A Workout for Photographers
Happy New Year! 2020 here we go!
This year I decided to add a little health routine to my photography schedule. Why? Because photography is a very physical activity. Think about it, lots of running around, caring heavy bags, holding awkward poses while taking images, sitting in front of the computer for hours while editing lots and lots of photos in post-production, etc. If we are not physically prepared for a work day like this, there’s a high risk of pain or even an injury. This week let’s talk about photographer’s workout and how you can prepare yourself for long hours of shooting.
Why do you need a workout routine?
Every photographer needs a workout routine to prepare themselves for long hours of shooting, regardless whether it’s a wedding, a bulk of headshot sessions or portfolio shoots with dancers.
Let’s talk about how you can take care of your body as well as prepare yourself for a long photographer’s work day.
DISCLAMER: I’m not a fitness instructor. All the tips and advice written here is from my experience as a professional photographer, dancer and simply a fitness lover who’s been working out for years.
The main areas you should focus on are:
- Endurance, so you are able to hold any position (even the most uncomfortable one) for an extended period of time, for example when you’re filming or anticipating an action to capture it.
- Balance. When you are moving along with your subject or trying to nail a weird angle, that’s where good balance and body awareness help you a lot.
- Core. Leaning forward and shooting from above or a very low angle (when you’re literarily in a crunch) is going to be quite a painful experience if your core isn’t strong.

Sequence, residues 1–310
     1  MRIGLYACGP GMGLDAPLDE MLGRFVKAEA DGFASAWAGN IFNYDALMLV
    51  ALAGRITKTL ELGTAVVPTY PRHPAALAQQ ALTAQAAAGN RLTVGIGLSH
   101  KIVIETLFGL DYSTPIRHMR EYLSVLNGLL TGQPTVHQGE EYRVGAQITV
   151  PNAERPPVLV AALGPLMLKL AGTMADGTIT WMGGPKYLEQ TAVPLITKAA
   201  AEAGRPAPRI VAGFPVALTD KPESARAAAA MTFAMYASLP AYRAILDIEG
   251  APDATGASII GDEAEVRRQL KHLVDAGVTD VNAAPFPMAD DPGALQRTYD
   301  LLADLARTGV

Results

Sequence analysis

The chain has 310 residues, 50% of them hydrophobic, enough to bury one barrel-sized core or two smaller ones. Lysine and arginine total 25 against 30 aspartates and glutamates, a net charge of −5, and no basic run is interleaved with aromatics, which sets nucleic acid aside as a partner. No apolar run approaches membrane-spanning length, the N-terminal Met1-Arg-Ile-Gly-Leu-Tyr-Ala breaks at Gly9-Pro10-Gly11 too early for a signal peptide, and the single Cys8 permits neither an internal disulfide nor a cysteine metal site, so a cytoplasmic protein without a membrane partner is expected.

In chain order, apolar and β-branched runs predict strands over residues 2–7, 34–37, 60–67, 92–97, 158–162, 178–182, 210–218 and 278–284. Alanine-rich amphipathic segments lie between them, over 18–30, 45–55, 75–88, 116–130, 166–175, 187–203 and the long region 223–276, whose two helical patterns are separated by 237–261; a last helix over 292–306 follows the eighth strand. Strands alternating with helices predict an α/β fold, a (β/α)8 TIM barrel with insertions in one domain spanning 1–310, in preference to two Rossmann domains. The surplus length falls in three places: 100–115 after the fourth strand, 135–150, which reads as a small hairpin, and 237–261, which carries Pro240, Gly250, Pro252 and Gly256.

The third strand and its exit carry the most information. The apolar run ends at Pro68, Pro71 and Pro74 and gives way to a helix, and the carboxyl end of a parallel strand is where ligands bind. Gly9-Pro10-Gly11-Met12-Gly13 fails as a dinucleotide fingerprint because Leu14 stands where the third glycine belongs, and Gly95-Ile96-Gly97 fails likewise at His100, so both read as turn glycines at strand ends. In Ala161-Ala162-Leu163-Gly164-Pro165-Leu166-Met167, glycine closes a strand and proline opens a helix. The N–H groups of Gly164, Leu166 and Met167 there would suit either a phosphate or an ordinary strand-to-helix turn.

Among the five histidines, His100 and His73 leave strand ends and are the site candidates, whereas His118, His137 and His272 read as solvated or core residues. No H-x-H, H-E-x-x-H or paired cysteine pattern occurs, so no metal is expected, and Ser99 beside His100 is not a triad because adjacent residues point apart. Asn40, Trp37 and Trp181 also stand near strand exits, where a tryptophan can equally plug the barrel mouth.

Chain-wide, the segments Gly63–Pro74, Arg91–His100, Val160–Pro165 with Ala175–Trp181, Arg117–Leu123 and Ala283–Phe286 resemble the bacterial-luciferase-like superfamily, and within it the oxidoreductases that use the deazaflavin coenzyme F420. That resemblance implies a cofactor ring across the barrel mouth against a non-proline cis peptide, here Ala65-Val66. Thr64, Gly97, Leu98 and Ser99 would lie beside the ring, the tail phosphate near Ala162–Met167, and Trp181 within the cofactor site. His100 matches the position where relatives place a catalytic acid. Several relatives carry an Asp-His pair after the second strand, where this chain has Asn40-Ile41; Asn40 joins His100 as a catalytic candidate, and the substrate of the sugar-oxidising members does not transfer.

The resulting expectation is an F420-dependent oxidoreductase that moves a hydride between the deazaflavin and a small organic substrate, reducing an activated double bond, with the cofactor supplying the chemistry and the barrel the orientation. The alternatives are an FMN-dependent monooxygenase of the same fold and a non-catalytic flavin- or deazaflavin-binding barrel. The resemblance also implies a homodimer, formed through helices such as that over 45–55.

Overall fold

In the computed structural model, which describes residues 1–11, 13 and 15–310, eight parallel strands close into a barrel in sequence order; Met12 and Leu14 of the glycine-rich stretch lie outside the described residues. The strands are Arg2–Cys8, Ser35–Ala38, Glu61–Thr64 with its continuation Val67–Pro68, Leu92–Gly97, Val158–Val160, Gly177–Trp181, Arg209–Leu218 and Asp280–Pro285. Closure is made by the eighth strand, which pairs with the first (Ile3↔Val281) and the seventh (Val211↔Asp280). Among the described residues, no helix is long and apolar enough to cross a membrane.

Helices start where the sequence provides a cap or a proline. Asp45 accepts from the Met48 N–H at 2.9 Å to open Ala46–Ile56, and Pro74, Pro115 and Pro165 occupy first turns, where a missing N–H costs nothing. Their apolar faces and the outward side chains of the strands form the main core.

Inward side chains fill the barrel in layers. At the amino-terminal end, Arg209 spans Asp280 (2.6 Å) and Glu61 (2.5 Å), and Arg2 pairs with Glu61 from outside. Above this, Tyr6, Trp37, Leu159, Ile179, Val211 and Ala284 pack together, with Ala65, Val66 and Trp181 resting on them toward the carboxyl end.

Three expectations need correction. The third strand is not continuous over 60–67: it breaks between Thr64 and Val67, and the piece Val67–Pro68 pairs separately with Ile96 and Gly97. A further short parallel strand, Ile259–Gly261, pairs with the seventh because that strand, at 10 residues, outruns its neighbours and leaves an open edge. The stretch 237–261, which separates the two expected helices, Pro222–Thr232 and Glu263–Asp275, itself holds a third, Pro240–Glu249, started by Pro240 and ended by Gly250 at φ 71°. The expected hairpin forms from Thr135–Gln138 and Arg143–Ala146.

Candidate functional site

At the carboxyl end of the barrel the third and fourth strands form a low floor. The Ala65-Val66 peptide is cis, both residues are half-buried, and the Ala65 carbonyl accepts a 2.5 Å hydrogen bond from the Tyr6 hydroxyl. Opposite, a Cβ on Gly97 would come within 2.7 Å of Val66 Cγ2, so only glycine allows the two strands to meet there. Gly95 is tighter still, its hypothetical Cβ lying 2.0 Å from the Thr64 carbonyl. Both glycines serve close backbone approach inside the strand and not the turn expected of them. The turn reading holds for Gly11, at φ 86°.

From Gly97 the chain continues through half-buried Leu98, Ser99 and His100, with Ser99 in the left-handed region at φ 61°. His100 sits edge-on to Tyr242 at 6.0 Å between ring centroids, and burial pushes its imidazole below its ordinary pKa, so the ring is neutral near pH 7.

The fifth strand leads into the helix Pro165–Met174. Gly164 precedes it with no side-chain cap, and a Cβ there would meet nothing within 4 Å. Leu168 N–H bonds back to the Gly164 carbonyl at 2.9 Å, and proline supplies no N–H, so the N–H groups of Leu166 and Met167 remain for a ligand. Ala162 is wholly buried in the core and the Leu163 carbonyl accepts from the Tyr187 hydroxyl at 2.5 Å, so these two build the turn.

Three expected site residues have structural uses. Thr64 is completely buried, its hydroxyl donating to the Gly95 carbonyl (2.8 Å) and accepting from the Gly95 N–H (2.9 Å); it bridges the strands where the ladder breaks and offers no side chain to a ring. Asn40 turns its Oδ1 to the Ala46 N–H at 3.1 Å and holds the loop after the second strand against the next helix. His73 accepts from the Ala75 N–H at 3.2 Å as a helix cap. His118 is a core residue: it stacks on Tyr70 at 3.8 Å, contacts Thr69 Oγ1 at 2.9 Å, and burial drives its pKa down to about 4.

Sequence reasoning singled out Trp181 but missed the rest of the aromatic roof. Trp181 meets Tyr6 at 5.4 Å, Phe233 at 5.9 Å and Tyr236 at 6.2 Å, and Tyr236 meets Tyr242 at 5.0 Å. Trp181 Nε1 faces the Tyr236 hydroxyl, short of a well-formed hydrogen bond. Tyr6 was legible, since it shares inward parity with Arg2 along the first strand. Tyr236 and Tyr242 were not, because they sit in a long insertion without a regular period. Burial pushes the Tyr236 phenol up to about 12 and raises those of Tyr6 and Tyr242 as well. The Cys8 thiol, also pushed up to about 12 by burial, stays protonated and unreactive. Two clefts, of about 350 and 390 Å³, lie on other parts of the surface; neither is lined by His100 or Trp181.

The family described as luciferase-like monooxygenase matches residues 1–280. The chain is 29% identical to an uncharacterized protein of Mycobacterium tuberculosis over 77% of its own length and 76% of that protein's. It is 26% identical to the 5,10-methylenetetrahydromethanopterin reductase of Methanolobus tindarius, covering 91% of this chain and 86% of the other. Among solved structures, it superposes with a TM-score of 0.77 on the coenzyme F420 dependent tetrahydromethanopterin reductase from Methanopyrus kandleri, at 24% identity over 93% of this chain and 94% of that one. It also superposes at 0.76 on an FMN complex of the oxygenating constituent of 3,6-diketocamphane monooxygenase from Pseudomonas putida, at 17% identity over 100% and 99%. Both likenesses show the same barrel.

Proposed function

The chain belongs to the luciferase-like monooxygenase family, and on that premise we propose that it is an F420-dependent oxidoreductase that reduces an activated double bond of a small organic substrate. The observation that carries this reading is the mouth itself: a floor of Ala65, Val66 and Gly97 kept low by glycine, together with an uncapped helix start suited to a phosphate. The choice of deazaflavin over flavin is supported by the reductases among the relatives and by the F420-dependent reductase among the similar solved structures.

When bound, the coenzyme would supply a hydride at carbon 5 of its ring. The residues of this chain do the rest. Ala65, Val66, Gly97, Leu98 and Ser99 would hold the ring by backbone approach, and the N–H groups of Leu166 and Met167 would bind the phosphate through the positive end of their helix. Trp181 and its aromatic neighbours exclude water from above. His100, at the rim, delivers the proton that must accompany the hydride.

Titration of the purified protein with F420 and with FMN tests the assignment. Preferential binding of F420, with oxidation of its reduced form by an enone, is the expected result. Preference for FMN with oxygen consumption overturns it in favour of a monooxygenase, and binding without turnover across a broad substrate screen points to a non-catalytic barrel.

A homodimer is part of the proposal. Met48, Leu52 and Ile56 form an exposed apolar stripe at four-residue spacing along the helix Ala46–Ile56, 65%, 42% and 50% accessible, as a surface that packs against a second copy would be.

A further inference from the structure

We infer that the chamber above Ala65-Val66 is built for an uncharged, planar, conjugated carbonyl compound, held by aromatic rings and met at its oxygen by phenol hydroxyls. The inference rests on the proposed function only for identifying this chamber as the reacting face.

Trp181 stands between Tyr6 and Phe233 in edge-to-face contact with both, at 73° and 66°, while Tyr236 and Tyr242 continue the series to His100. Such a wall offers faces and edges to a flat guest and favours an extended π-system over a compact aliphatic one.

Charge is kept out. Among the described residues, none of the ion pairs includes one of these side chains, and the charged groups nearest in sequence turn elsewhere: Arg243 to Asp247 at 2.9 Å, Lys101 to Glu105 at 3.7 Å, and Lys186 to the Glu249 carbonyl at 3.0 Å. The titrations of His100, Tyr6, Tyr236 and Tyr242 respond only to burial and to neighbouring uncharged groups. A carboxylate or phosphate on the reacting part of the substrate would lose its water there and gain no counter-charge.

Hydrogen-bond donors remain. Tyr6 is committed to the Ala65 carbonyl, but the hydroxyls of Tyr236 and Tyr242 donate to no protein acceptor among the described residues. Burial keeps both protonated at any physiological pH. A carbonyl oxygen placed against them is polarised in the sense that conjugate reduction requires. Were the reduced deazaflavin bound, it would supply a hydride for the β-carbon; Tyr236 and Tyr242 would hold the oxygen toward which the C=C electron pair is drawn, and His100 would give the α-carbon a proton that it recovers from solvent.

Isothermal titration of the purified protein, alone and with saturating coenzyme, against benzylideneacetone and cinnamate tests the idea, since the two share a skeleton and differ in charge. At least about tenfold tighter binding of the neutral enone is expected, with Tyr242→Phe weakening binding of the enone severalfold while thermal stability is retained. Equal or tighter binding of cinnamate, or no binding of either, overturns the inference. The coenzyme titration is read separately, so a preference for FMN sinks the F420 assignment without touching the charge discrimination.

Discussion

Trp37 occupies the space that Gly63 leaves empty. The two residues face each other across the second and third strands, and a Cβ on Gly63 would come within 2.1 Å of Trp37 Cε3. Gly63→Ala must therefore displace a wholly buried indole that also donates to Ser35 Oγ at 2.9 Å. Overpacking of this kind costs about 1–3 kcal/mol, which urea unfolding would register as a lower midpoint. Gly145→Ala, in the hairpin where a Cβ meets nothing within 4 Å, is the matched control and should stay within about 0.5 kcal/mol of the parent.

- Arms. I think this one is the most obvious one: DSLR’s are heavy, especially with a hefty zoom lens on top. Biceps and shoulders get sore so fast if you don’t exercise them.
- Legs. Train your legs to be able to hold squats when shooting from a lower angle.
Yoga is a god’s gift for your core and flexibility, especially if you don’t like strenuous and high intensity workouts. Try stretching all your muscles after a long day of shooting and caring your gear. Hold asanas for balance to strengthen your whole body as well as improve your balance.
And posture! Do a downward-facing dog, a fish, or a plow pose to stretch your back thoroughly after all the hours you spend in front of you computer editing.
If you’re working from home like me and prefer staying in your comfies, check out Yoga with Adriene on Youtube. It’s my favourite channel for simple an easy to follow asanas and yoga flows for any mood or pain in the body (“yoga for back pain”, or hip pain, etc). You can enjoy any yoga sequence in your pyjamas!
Pilates is another low-impact exercise which emphasises core strength and proper postural alignment. It’s also great for your muscle strength and endurance. Compared to yoga, pilates is more focused on strengthening different muscles in your body.
So, if you are stuck choosing between the two, choose yoga if you need more flexibility and balance in your body, or go for pilates if you need to work on your muscle strength.
Another way to improve your endurance is to add a couple of dumbbells to your workout routine. It can be as little as holding a 1kg while doing ‘Russian twists’, or a low-weight and high-reps arm exercises to build muscular endurance, such as bicep curls, lateral raises, shrugs, tricep dips.
Get used to holding weights and you will feel like your camera and camera bag suddenly become lighter and easier to carry around for the whole day.
Photographer, what does your workout look like? Let me know in the comment section below.